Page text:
The following five books have greatly influenced my writing and thinking about music. This is the best nonfiction I've come across on rock 'n' roll, but I say that with a caveat: I have not yet read Life by Keith Richards (which a lot of people say is the best rock book) or Hellfire by Nick Tosches. So—this deck may get reshuffled.
1. The Ballad of Bob Dylan by Daniel Mark Epstein
Acclaimed poet Epstein vividly recounts four Bob Dylan concerts from four different phases of the songwriter's career and uses these as a jumping-off point for his impressionistic retelling of the Dylan saga. Epstein weaves generous helpings of memoir in with the biographical elements and makes it all matter. What's more, his tenacious research has yielded new revelations at this seemingly late stage. The gold standard.
2. Just Kids by Patti Smith
The best rock memoir, and a legitimate work of literature as its National Book Award attests. Lyrical and heartfelt, Just Kids gave me the appreciation and understanding of Smith's music that I had previously lacked.
3. Shakey: Neil Young's Biography by Jimmy McDonough
An unruly mess that somehow achieves perfection, Shakey lives up to its preposterous subtitle: this is Neil Young's biography; there can be no other. (Even Young's own books can't compete). Here are just a few of the lessons I took away from this glorious book: 1) A writer's reach should always slightly exceed his grasp; 2) The clean, impartial tools of journalism—so necessary for parsing something like the Mueller report—have no place in rock biography; 3) Anyone crazy enough to take up the quixotic task of writing about rock 'n' roll is in some sense writing about themselves, so— might as well make the connection explicit; 4) The best rock music is high-stakes, passionate, and deeply irrational; the best rock writing should be the same.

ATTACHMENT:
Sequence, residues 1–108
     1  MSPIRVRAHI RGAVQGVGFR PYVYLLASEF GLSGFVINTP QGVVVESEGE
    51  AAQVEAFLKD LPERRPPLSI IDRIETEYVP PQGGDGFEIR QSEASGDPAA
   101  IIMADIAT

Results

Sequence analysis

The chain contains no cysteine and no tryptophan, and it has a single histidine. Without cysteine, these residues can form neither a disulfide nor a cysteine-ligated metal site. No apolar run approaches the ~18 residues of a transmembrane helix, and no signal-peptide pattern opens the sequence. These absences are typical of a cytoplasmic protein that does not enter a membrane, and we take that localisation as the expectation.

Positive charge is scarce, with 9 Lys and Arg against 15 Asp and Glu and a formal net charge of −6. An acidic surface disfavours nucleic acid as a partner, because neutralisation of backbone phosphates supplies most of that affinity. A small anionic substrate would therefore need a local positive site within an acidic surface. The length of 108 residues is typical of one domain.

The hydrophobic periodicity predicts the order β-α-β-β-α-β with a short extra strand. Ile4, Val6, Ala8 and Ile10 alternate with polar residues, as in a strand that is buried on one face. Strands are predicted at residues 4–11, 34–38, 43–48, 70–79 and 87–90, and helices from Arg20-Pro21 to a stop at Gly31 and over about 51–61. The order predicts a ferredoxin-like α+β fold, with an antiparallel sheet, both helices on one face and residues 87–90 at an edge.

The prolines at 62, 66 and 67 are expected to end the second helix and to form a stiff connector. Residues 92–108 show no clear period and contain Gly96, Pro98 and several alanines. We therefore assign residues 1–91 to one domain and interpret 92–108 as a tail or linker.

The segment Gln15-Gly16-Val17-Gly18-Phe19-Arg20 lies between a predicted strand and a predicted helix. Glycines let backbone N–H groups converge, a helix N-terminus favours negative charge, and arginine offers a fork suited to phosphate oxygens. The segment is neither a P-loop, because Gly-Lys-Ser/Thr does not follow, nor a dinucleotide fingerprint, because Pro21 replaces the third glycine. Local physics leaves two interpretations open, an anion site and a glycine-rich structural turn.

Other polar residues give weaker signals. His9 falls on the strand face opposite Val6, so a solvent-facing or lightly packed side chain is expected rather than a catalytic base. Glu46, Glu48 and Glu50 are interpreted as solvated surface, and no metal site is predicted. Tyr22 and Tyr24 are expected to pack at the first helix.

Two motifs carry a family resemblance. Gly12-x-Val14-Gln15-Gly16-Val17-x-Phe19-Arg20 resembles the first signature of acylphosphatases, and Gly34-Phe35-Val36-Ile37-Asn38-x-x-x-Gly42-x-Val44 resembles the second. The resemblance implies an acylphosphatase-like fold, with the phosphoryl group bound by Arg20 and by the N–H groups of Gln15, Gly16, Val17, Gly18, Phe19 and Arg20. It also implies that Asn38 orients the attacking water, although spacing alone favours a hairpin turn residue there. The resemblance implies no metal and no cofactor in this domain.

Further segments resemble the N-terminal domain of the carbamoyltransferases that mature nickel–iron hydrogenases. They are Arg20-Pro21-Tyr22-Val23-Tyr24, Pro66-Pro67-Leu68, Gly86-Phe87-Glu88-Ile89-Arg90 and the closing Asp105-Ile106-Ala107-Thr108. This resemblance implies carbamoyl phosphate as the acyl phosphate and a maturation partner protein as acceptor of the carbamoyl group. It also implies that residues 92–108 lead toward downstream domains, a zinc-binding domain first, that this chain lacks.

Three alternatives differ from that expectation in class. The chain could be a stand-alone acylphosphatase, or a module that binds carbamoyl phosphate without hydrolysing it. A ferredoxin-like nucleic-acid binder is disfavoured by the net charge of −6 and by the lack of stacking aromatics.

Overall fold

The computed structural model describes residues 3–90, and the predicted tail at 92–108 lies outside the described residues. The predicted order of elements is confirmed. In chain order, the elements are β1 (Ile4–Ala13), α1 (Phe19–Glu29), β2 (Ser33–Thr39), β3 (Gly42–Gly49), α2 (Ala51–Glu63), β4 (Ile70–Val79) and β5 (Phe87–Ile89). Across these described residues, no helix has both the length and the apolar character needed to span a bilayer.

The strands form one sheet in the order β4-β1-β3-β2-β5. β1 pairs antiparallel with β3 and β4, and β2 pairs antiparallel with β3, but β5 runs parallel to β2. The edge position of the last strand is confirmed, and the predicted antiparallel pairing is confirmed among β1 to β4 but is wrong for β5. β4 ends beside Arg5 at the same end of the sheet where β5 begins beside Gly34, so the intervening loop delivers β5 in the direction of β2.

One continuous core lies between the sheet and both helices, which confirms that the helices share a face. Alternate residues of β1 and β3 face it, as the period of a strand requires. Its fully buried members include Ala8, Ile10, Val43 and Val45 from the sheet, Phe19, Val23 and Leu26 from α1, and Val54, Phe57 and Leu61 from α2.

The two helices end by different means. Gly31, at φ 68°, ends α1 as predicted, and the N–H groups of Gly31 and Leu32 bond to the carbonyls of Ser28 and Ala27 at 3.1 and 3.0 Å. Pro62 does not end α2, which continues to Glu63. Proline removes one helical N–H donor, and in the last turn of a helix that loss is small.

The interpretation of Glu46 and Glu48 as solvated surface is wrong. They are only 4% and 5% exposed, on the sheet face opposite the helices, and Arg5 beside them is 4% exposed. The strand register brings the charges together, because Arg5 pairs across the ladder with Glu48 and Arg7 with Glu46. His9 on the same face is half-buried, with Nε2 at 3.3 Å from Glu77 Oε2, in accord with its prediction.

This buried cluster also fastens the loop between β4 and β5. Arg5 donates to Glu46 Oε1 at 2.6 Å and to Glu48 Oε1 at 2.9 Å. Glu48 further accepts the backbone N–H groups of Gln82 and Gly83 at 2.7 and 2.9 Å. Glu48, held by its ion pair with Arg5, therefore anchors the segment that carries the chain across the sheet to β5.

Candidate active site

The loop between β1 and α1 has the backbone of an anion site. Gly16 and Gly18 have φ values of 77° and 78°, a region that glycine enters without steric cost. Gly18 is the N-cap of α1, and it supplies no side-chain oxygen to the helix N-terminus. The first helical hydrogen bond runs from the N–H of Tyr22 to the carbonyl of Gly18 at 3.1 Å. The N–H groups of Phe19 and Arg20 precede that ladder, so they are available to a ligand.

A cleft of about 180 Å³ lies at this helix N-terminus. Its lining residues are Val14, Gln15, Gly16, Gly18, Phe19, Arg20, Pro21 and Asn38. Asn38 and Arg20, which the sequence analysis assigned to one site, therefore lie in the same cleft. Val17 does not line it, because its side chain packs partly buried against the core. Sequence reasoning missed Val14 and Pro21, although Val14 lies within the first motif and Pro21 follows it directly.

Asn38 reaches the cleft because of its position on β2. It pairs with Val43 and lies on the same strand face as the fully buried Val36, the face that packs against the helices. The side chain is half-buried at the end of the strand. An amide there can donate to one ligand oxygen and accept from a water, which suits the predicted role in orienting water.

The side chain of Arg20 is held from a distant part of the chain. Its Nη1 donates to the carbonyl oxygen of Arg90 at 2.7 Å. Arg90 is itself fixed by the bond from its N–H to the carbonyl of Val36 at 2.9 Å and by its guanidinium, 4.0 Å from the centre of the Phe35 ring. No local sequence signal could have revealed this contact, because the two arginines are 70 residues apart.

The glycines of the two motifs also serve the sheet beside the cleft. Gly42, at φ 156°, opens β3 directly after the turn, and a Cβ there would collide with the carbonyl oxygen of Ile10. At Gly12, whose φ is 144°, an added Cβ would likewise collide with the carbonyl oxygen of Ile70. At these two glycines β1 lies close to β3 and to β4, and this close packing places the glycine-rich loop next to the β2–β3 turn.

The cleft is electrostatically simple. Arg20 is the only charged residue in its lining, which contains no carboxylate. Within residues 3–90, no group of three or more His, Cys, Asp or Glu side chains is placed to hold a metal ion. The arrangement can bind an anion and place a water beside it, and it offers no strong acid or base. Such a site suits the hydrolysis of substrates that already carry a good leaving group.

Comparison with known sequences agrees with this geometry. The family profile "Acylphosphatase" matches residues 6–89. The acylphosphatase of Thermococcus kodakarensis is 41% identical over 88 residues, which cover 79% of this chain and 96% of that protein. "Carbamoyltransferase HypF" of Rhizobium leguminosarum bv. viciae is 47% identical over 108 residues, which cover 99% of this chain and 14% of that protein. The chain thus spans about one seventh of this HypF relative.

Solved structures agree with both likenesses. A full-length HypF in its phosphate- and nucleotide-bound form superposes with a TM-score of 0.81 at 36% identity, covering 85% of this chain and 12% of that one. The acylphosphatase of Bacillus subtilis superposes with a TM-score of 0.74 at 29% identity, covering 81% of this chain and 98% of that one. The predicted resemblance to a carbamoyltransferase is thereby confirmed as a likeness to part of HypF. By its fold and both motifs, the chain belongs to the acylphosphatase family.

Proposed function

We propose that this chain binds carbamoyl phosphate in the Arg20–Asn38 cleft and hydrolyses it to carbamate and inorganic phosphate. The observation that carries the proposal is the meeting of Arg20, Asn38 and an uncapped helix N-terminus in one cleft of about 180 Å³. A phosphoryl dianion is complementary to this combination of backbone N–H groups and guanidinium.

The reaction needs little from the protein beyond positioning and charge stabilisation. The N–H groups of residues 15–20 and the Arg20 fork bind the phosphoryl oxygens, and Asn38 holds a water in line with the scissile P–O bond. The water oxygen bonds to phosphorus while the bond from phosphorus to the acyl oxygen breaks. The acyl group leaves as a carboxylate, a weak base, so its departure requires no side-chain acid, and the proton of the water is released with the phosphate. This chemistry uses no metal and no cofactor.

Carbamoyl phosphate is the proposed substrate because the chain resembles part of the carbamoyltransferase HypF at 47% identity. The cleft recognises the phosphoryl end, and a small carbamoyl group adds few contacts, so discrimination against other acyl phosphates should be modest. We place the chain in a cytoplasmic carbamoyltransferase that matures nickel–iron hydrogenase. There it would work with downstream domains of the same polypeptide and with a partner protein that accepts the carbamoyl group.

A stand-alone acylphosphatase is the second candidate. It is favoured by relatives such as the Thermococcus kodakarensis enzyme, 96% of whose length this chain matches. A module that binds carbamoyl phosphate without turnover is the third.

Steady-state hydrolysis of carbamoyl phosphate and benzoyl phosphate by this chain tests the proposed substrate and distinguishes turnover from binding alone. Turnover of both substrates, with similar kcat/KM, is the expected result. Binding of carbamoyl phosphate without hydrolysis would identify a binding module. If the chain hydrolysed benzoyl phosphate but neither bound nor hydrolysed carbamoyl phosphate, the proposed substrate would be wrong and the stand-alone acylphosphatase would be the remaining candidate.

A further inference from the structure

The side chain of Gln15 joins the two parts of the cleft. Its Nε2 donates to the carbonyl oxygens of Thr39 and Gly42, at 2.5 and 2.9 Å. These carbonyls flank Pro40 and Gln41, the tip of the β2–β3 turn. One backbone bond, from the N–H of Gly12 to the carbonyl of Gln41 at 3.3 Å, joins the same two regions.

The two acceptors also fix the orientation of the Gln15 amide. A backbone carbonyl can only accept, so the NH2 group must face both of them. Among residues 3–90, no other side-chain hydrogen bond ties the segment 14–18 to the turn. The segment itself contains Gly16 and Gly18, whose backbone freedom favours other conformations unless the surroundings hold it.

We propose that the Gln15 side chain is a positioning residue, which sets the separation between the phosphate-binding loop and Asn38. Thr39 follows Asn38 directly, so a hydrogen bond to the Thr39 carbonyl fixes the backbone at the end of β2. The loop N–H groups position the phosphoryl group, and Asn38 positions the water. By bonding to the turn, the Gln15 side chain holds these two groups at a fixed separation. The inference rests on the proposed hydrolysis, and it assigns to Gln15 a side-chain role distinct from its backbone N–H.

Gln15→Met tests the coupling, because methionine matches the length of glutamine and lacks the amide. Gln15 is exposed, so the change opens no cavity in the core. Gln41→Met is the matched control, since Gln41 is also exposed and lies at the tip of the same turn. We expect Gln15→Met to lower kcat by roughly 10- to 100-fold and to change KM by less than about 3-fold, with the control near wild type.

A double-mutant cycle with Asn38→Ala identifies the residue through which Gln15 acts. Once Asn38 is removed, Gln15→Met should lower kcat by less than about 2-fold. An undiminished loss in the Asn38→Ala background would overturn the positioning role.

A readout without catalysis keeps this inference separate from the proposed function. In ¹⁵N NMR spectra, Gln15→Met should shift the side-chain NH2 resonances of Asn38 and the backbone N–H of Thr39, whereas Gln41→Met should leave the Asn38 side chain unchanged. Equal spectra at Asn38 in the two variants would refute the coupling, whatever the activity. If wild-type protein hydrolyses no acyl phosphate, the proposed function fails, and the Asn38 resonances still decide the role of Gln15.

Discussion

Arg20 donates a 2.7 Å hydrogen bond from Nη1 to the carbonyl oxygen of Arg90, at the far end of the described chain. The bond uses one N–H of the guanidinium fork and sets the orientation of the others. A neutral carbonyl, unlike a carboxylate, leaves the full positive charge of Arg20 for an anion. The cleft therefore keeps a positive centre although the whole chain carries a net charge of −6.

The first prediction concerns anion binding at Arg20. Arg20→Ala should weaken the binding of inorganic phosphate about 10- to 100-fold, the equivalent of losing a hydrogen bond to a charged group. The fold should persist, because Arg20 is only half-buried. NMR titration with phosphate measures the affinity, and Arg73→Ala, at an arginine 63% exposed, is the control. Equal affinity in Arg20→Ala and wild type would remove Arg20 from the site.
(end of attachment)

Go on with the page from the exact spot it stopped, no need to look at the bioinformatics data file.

4. The Dark Stuff by Nick Kent
Kent demonstrates that there is a way to write about the occupational hazards of a music career—the substance abuse, exploitation, madness, and occasional violence—without coming off like Kitty Kelley or the National Enquirer. He elevates his material via his assured writing and a deep conviction of art's vital importance to the human spirit.
5. The Last Days of John Lennon by Frederic Seaman.
Possibly a controversial pick but I will stand by it. Seaman was Lennon's personal assistant during the final year of the songwriter's life and was therefore privy to aspects of Lennon that few other people (apart from Yoko) saw. To the great benefit of readers, Seaman has the writing chops to get this story across beautifully. The controversy stems from the author's arrest and conviction for walking off with a number of Lennon's journals and other personal items in the chaotic aftermath of the singer's murder. (Seaman maintains that he was instructed by Lennon to get his journals to his son Sean if something were to happen to him). Whatever the truth behind that incident, I don't believe it has any bearing on Seaman's narrative—which feels compassionate and authentic. There are no bombshells here, just the accumulation of the day-in, day-out rhythms of a troubled genius unaware that he is running out of time. I've read a lot of books on Lennon and the Beatles. This is my favorite. Where are you, Fred Seaman, and why haven't you written another book?